Council services by letter

Agenda and minutes


Venue: Committee Room 5, Harrow Civic Centre, Station Road, Harrow, HA1 2XY. View directions

Contact: Frankie Belloli, Senior Democratic Services Officer  Tel: 020 8424 1263 E-mail:

No. Item



To note the appointment of Councillor Margaret Davine, with effect from 15 March 2017, as a Member of the Panel in place of Councillor Mitzi Green, in accordance with Council Procedure Rule 1.5 and following notification on behalf of the Labour Group Leader.


RESOLVED:  To note that the appointment of Councillor Margaret Davine, with effect from 15 March 2017, as a Member of the Panel in place of Councillor Mitzi Green, in accordance with Council Procedure Rule 1.5 and following notification on behalf of the Labour Group Leader.


Councillor Mitzi Green


The Panel stood for a minute’s silence in memory of Councillor Mitzi Green, former Chair of the Panel, who had passed away in January.


Attendance by Reserve Members

To note the attendance at this meeting of any duly appointed Reserve Members.


Reserve Members may attend meetings:-


(i)                 to take the place of an ordinary Member for whom they are a reserve;

(ii)               where the ordinary Member will be absent for the whole of the meeting; and

(iii)             the meeting notes at the start of the meeting at the item ‘Reserves’ that the Reserve Member is or will be attending as a reserve;

(iv)              if a Reserve Member whose intention to attend has been noted arrives after the commencement of the meeting, then that Reserve Member can only act as a Member from the start of the next item of business on the agenda after his/her arrival.


RESOLVED:  To note that no Reserve Members had been nominated to attend the meeting.


Declarations of Interest

To receive declarations of disclosable pecuniary or non pecuniary interests, arising from business to be transacted at this meeting, from:


(a)               all Members of the Panel;

(b)               all other Members present.


Councillor Kairul Kareema Marikar declared a non-pecuniary interest in Item 8 on the agenda (Health Report for Children Looked After) in that she works for the PULSE.  She would remain in the room whilst the matter was considered and voted upon. 


Minutes pdf icon PDF 126 KB

That the minutes of the meeting held on 10 January 2017 be taken as read and signed as a correct record.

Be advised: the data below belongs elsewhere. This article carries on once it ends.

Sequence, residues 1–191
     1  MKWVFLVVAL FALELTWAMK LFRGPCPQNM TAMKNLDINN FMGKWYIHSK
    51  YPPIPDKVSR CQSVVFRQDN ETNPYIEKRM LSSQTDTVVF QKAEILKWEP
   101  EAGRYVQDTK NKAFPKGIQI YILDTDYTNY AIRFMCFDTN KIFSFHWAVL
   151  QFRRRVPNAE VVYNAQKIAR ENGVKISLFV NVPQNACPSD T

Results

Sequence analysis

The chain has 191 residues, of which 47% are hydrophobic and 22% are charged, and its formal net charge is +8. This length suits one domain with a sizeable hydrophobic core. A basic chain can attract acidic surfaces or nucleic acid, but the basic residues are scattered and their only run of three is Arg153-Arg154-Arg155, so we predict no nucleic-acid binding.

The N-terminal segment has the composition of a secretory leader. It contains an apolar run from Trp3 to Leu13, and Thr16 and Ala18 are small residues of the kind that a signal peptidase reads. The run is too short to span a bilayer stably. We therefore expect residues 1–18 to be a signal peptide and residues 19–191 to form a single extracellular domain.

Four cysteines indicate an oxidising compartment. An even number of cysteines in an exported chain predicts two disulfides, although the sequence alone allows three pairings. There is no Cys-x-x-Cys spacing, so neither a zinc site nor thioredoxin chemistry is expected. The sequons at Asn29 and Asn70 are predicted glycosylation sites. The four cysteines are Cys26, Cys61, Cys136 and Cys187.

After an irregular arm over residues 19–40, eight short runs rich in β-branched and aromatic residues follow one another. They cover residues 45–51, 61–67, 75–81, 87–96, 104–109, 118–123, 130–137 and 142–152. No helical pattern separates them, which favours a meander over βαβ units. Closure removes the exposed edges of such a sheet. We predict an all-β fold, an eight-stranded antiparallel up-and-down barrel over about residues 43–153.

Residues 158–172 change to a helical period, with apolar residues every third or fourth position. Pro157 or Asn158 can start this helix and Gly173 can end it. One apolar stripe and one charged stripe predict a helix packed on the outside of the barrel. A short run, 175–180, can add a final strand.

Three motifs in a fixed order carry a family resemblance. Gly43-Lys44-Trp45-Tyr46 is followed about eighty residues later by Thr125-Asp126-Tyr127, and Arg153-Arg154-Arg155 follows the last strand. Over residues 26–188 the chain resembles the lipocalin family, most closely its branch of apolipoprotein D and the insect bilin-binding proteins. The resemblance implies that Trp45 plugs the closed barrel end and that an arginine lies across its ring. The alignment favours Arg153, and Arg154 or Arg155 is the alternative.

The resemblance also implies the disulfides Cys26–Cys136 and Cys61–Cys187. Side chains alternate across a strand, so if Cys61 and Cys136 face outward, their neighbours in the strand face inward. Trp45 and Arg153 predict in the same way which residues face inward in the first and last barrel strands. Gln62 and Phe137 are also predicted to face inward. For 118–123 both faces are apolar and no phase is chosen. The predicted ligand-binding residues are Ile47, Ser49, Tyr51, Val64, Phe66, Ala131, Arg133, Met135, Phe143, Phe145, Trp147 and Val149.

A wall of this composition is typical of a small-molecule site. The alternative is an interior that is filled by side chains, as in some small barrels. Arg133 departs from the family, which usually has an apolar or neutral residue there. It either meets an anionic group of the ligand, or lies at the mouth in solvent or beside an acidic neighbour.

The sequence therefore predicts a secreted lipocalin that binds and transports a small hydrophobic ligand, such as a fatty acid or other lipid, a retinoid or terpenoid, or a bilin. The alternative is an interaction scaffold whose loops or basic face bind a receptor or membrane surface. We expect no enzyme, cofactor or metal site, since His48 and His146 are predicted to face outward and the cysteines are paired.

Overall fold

RESOLVED:  That the minutes of the meeting of the Panel held on 10 January 2017 be taken and read and signed as a correct record, subject to the word “disciple” in Minute 130 (Corporate Parenting: Activity and Performance Report) being amended to read “discipline”.


Public Questions, Petitions and Deputations

To receive any public questions received in accordance with Executive Procedure Rule 49 (Part 4D of the Constitution).


Questions will be asked in the order notice of them was received and there be a time limit of 15 minutes.


[The deadline for receipt of public questions is 3.00 pm on 23 March 2017  Questions should be sent to  

No person may submit more than one question].


RESOLVED:  To note that no public questions, petitions or deputations had been received at this meeting. 



INFORMATION REPORT - Health Report for Children Looked After in Harrow pdf icon PDF 212 KB

Report of the Designated Nurse For Children Looked After Harrow, CNWL


Emma Hedley, Designated Nurse for Children Looked After (CLA), introduced the report.  In terms of the performance on initial and review health assessments, targets had been met in all three months in the reporting period; while only 47% of initial assessments had been conducted within the 20-day timescale in January, and 86% of review assessments in February, there had been no repeat of the much lower rates which had occurred in previous periods.  It was expected that health passports would be introduced for 16 and 17 year-olds by the end of June.  Ms Hedley outlined contribution of the service to the Ofsted Inspection; this had included presentation of a case study, interviews with inspectors and providing information on specific cases on request.  In terms of future priorities, the service was conscious of the continuing need to improve the timeliness of health assessments. 


In response to Councillor Brown’s question about the factors behind the variation in the timeliness of the initial health assessments and the number of assessments being processed each month.  Ms Hedley advised that about a dozen assessments were undertaken each month; given that it was more difficult to meet the 20-day target for children placed outside the Borough, the performance tended to dip when there was a high proportion of such cases.  Efforts were being made to underline the importance of timely assessments, including training for a particular staff team and encouragement of managers involved.  In reply to the Chair’s query about the contribution of Council staff, Ms Hedley reported that there were monthly commissioner meetings and Peter Tolley, the Head of Service, Corporate Parenting, and his staff were proactive in following up cases with social workers. 


Councillor Robson asked whether the initial health assessment performance in January 2017 was an anomaly.  Ms Hedley advised that this was not the case in the sense that there had previously been months in which performance had been as poor as 25%, but levels as low as this had not been experienced for some time now.  Zoe Sargent, Head of Children’s Services and Operations, CNWL, confirmed that the February performance was more typical of usual performance and that the Council’s staff were working hard to facilitate timely assessments.